In contrast to in-hospital mortality, there was no difference in the 5-year mortality between the two groups of patients (P=0.835, 95% CI: −0.0298 to 0.024, Figure 6).
Postoperative echocardiographic findings
While in-hospital, the mean AV gradient was lower in patients that underwent stented AVR (7.28±3.75 vs. 8.40±3.56 mmHg, P<0.0001), on the contrary, stentless group of patients had a larger effective orifice area (1.41±0.47 vs. 2.07±0.52 cm, P<0.0001). A repeated echocardiogram at six months post discharge showed that the mean AV gradient remained lower in stented group of patients (6.55±2.33 vs. 7.44±4.90 mmHg, P=0.0003), interestingly the effective orifice area has improved and showed better results in stented group (1.92±0.81 vs. 1.83±0.64 cm, P=0.04).
Aortic valve stenosis (AS) is the most common isolated valvular disease (18). The natural history of AS, first proposed by Ross and Braunwald (19) in 1968, has been confirmed in numerous studies over the last few decades. It is characterized by a benign course if asymptomatic, but has a rapid mortality rate once symptomatic. Although Ross and Braunwald proposed the middle age as the time of such symptomatic demarcation, patients now often present later in the seventh to ninth decades, and invariably have dire outcome unless AVR is performed (20). This recognition has prompted the growing numbers of patients referred for SAVR (20). The prevalence of moderate or severe AS in patients ≥75 years old is 2.8%, while at the same time, approximately 50% of patients with severe AS are referred for surgery and 40% undergo SAVR (21).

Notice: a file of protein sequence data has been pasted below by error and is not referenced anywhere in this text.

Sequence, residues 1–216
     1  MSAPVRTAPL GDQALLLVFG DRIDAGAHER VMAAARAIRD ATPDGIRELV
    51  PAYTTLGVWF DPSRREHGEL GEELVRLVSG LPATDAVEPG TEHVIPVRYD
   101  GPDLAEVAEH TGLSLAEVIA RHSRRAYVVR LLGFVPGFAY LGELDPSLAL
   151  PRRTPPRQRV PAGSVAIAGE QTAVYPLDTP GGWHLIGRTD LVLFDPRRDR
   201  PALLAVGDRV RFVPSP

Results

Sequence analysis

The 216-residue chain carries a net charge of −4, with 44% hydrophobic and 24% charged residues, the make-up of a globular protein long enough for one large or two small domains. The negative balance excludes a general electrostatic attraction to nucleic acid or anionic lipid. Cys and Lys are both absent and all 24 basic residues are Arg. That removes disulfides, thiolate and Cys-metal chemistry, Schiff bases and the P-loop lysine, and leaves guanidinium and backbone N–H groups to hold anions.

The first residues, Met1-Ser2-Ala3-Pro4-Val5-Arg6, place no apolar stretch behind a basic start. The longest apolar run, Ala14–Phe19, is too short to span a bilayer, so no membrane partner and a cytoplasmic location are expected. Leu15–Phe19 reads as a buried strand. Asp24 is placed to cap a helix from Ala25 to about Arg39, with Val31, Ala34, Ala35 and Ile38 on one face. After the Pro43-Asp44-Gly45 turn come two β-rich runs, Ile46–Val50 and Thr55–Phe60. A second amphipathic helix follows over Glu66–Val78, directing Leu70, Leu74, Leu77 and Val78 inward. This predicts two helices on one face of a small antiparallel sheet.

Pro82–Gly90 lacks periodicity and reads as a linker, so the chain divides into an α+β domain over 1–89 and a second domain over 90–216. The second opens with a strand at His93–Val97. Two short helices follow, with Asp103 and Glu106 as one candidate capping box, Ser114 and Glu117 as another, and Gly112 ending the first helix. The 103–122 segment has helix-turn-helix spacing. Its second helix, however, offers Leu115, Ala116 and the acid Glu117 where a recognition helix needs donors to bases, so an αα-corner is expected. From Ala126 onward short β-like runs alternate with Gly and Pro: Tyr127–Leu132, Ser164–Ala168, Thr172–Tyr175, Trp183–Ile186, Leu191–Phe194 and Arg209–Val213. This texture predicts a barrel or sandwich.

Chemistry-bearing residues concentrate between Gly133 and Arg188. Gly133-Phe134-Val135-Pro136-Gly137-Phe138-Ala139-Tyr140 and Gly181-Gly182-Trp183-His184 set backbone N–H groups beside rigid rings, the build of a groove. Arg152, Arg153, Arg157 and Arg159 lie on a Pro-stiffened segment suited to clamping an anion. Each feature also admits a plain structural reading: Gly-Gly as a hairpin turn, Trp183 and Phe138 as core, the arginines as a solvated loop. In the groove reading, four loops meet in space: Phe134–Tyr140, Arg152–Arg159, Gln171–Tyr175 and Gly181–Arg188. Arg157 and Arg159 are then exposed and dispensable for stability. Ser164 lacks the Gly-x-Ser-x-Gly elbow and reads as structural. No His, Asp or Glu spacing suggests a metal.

In our review, we compared these two types of valves in terms of their performances in patients older than 75 years old. The operative times required for the implantation of the prosthesis were the first points of comparison. It was demonstrated that there was significantly longer bypass (P<0.0001; 101.95±23.73 min in stented group vs. 122.95±27.28 min in stentless group) and aortic cross clamp time (P<0.0001, 95% CI: 0.237 to 0.491; 69.53±16.22 min in stented group vs. 85.72±19.65 min in stentless group) in the stentless group, reflecting its higher technicality. Similarly, Van Nooten et al. (16) found that the required cross clamp-time for isolated AVR was 70 min for stemless versus 58 min for stented valves. Burgazli et al. (10) also reported cross clamp time (81.7±16.17618 min in stentless group vs. 53±8.8674 min in stented group) and cardiopulmonary by-pass times (106.15±24 min in stentless group vs. 68.20±8.8294 min in stented group) being significantly longer in stentless group (16).